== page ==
Overview

Conjunctivitis
Conjunctivitis

Conjunctivitis is an eye condition caused by infection or allergies. It usually gets better in a couple of weeks without treatment.

Check if you have conjunctivitis

Conjunctivitis is also known as red or pink eye.

It usually affects both eyes and makes them:

  • bloodshot
  • burn or feel gritty
  • produce pus that sticks to lashes
  • itch
  • water

There are three kinds of conjunctivitis, bacterial, viral and allergic

Bacterial Conjunctivitis is an infection of the eye in which one or both eyes become red, watery and sticky.  The condition is not normally serious and in most cases clears up without treatment.  It is contagious so care needs to be taken to prevent passing it on to others, e.g. by not sharing towels. See below for further advice.

How to treat bacterial conjunctivitis yourself

There are things you can do to help ease your symptoms.

Use clean cotton wool (1 piece for each eye). Boil water and then let it cool down before you:

  • gently rub your eyelashes to clean off crusts
  • hold a cold flannel on your eyes for a few minutes to cool them down

If you wear contact lenses do not wear them and consult your usual optician for advice

Viral conjunctivitis causes red watery eyes,  There is usually some discomfort described as a  burning or gritty feeling.  It usually starts in on eye then affects the second.  It is highly contagious so care needs to be taken to prevent passing it on to others, e.g. by not sharing towels.  See below for further advice.  It is not normally serious and usually clears up by itself without treatment.  Antibiotics are ineffective.  Cool compresses and lubricating drops will help with the symptoms.

Allergic conjunctivitis is an allergice reaction of the eyes which causes a sudden swelling and redness of the eyes associated with itching. This is often caused by hayfever or an allergy to animals and usually clears up without the need for treatment.  It is not contagious.   Cool compresses and lubricants should help with symptoms and you should try not to rub your eyes as this will make it worse.  If you know what has caused the allergic reaction you should try and limit exposure in the future.

Stop infectious conjunctivitis from spreading

Do:

  • wash hands regularly with warm soapy water
  • wash pillows and face cloths in hot water and detergent
  • cover your mouth and nose when sneezing and put used tissues in the bin

Don't:

  • do not share towels and pillows
  • do not rub your eyes

If you think you have allergy related conjunctivitis there are drops available to help alleviate symptoms, try not to rub your eyes as this makes the itching worse.

Staying away from work or school

You don't need to avoid work or school unless you or your child are feeling very unwell.

A pharmacist can help with conjunctivitis

Speak to a pharmacist about conjunctivitis. They can give you advice and suggest eyedrops or antihistamines to help with your symptoms.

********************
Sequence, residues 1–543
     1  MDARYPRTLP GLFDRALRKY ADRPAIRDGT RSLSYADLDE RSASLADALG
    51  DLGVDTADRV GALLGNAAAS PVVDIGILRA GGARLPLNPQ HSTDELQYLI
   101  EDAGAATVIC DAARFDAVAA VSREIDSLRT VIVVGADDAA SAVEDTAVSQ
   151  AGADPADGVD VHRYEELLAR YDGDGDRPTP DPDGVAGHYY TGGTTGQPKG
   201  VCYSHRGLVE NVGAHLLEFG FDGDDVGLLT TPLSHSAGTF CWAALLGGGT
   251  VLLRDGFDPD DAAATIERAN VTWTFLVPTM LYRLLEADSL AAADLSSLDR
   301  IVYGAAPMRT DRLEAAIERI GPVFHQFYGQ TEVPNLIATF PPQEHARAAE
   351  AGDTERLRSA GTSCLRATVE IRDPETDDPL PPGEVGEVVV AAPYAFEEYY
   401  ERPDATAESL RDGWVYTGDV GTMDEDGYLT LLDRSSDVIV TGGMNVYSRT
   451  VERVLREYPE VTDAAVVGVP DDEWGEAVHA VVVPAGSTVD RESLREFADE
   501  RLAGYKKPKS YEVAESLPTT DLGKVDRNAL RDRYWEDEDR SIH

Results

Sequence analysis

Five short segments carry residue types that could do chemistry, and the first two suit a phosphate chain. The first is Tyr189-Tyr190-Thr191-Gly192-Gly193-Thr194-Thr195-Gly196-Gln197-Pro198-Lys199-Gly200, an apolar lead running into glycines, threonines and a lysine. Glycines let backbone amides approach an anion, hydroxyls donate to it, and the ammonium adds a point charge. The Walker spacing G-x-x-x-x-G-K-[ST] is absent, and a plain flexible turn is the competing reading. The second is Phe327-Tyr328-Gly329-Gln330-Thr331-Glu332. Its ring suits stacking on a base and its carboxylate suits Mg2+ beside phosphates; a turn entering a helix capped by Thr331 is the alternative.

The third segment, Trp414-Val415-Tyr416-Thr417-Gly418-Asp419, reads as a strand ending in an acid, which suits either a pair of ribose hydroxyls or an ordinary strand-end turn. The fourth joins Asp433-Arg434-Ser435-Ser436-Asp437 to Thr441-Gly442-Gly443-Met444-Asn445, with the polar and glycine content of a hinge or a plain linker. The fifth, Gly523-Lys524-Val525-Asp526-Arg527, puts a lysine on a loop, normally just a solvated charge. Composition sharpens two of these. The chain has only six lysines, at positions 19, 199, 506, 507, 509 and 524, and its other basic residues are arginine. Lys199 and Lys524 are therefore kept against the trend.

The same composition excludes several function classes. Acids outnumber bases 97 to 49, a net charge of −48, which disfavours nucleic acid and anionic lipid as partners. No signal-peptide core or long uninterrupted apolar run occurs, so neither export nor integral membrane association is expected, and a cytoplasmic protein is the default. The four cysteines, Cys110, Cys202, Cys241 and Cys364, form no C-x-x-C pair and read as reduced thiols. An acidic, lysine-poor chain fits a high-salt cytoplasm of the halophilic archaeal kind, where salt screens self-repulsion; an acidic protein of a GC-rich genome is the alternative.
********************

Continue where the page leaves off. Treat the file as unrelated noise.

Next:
Find a pharmacy here.

An Optometrist/optician can also look at your eyes if you have conjunctivitis symptoms, especially if they don’t clear up with the self care advice as above within a few days. In Wales this is likely to be an appointment free on the NHS

Find an optician here

If you are a contact lens wearer and you have conjunctivitis symptoms please do not wear your lenses and immediately contact your usual Optometrist/opticians for advice

Please see a GP if your baby has red eyes – get an urgent appointment if your baby is less than 28 days old

Get advice from NHS 111 Wales (if available in your area) or 0845 46 47 now if you have:

  • pain in your eyes
  • sensitivity to light
  • changes in your vision, like wavy lines or flashing
  • intense redness in one eye or both eyes
  • a baby less than 28 days old with red eyes

These can be signs of a more serious problem.

NHS 111 Wales will tell you what to do. They can arrange a phone call from a nurse or doctor if you need one, but they are likely to suggest that you visit your local optometrist/optician or in some cases your local A and E department.

Treatment

Treatment will depend on the cause of your conjunctivitis.

Conjunctivitis caused by a bacterial infection is normally what is termed self-limiting, this means that with lid cleaning advice as above it will clear up on its own within a few days. If this does not happen you may require antibiotics. Your optician is likely to be able to advise you on this. Some opticians may be able to prescribe this medication for you on the NHS, or direct you to your GP to get this prescriptionBut these will not work if it's caused by a virus (viral conjunctivitis) or an allergy.

Some sexually transmitted infections (STIs) can cause conjunctivitis. This type takes longer to clear up.



The information on this page has been adapted by NHS Wales from original content supplied by NHS UK NHS website nhs.uk
Last Updated: 01/11/2021 14:06:43